Webcam Blackmail: How Cybercriminals Breathe Life into Laptops

Stories of inanimate objects coming to life are familiar to us. Movies such as Toy Story show the idea’s cultural weight, and Greek mythology on humans being morphed into objects show its history. But in today’s day and age, technology can make fairy tales seem real. What if the laptop, that familiar tool we use for just about everything, came to life?

Sure, the laptop isn’t actually a sentient being, but a new cybersecurity threat makes it feel that way. The computer malware named “Delilah” allows criminals to tap into users’ most sensitive information and capture photos of their lives—through the victims’ own computers.

Here’s how it works: the first contact happens unknowingly on adult and gaming websites, where the threat is unknowingly downloaded through malicious pop-ups and other methods. From there, the malware scans the computer for sensitive information. It hunts for family details, knowledge about workplaces, and embarrassing secrets. Cybercriminals then view this data combined in a single place. Once they dig up enough dirt, they proceed to blackmail the victim. There’s no alchemy here: it’s malware that transforms computers into a Pandora’s box.

But this threat can make laptops truly appear to have a life of their own. That’s because Delilah can hijack webcams to record a person’s life—as if the machine were watching the user. The malware takes regular screenshots of a user’s laptop, documenting websites, emails, receipts, and user accounts.

Now, this all sounds like a gadget from a spy movie—that’s actually not far off the mark. The malware is meant for recruiting insiders within organizations or extorting influential people. That’s a high-grade, niche purpose. That said, the virus is only being passed around in tight-knit illegal groups. So it’s pretty unlikely you’d come face to face with this threat as an individual. Common crooks don’t have their hands on it, and most people aren’t likely to be targets.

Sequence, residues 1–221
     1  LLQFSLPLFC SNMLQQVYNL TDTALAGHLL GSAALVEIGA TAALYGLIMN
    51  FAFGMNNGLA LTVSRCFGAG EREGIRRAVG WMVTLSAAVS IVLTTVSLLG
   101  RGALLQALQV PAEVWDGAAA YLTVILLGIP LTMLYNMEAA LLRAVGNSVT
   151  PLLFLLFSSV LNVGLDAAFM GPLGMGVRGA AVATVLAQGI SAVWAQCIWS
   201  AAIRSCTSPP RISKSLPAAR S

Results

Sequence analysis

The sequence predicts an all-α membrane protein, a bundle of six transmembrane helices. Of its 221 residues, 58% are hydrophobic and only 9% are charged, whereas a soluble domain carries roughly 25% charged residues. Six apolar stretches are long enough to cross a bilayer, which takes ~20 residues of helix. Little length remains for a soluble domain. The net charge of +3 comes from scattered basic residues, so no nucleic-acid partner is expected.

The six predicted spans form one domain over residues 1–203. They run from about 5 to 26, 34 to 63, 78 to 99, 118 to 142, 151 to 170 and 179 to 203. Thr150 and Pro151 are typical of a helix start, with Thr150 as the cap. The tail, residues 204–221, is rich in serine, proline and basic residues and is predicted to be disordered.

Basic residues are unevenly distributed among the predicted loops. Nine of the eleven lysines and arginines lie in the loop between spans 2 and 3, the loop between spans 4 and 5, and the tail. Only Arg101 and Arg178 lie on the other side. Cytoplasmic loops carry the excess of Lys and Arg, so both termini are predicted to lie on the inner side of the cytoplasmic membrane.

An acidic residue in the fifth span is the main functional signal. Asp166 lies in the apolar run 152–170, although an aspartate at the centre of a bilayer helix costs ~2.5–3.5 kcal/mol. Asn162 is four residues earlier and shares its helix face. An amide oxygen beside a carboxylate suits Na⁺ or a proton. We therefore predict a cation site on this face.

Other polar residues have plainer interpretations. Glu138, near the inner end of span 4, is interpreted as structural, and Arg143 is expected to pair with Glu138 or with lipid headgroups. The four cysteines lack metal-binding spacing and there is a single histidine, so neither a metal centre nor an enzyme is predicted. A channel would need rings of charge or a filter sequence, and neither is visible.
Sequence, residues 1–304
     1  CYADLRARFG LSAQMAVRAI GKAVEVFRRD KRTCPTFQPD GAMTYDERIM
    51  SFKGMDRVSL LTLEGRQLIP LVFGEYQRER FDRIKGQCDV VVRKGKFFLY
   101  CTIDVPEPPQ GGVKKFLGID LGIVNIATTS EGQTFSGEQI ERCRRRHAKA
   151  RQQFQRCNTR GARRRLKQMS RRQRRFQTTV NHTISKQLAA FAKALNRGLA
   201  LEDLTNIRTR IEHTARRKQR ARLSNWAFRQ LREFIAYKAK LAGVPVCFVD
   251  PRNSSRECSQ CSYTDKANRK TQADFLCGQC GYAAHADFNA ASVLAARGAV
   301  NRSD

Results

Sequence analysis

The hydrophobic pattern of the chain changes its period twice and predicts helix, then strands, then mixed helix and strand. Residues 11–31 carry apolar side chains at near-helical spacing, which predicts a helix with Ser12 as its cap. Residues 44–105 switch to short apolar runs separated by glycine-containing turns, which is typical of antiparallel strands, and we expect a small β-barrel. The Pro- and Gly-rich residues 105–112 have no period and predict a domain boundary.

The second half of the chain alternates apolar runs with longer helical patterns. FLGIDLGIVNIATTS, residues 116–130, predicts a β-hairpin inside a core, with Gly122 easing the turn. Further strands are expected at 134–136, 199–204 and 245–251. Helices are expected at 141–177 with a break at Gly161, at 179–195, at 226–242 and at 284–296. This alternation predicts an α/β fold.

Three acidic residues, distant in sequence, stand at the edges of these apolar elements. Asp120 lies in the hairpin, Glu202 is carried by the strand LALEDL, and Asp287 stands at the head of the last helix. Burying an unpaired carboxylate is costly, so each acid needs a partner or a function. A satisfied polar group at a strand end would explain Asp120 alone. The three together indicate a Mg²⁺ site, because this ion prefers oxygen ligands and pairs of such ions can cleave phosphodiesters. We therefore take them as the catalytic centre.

At the same time, everyone should be aware of these methods. Knowledge is important and there are similar, less advanced cybercriminal tactics being leveraged out there.

Here’s what you can do to stay protected every day, when connecting to your devices:

  • Don’t download unfamiliar files. For malware to do damage, it has to be installed onto your computer first. Prevent the problem at the outset. Don’t click on suspicious pop-ups or unfamiliar links.
  • Watch out for strange computer behavior. Some threats are noticeable. In this case, the Delilah malware often crashes the victim’s laptop due to the massive amount of screenshots it takes. Error messages are also common when webcam hijacking is enabled. The next time your computer starts acting weird, see a professional to check for malware.
  • Be careful with private information. Minimize the digital trail you leave on your computer. Don’t record sensitive information on your device if you can avoid it, and periodically scan your devices as part of a data clean-up—think of it like a digital spring cleaning, that you can do all year round.
  • Cover your webcam when not in use. This tip doesn’t take much—just a piece of tape. But this simple action can be important because, other than the Delilah malware, there are many camera-hacking tactics out there cybercriminals are using. Stay safe and block out the peeping toms.

And, of course, stay on top of the latest consumer and mobile security threats by following me and @McAfee on Twitter, and ‘Like’ us on Facebook.



Introducing McAfee+

Identity theft protection and privacy for your digital life

FacebookLinkedInTwitterEmailCopy Link

Stay Updated

Follow us to stay updated on all things McAfee and on top of the latest consumer and mobile security threats.


More from Internet Security

Back to top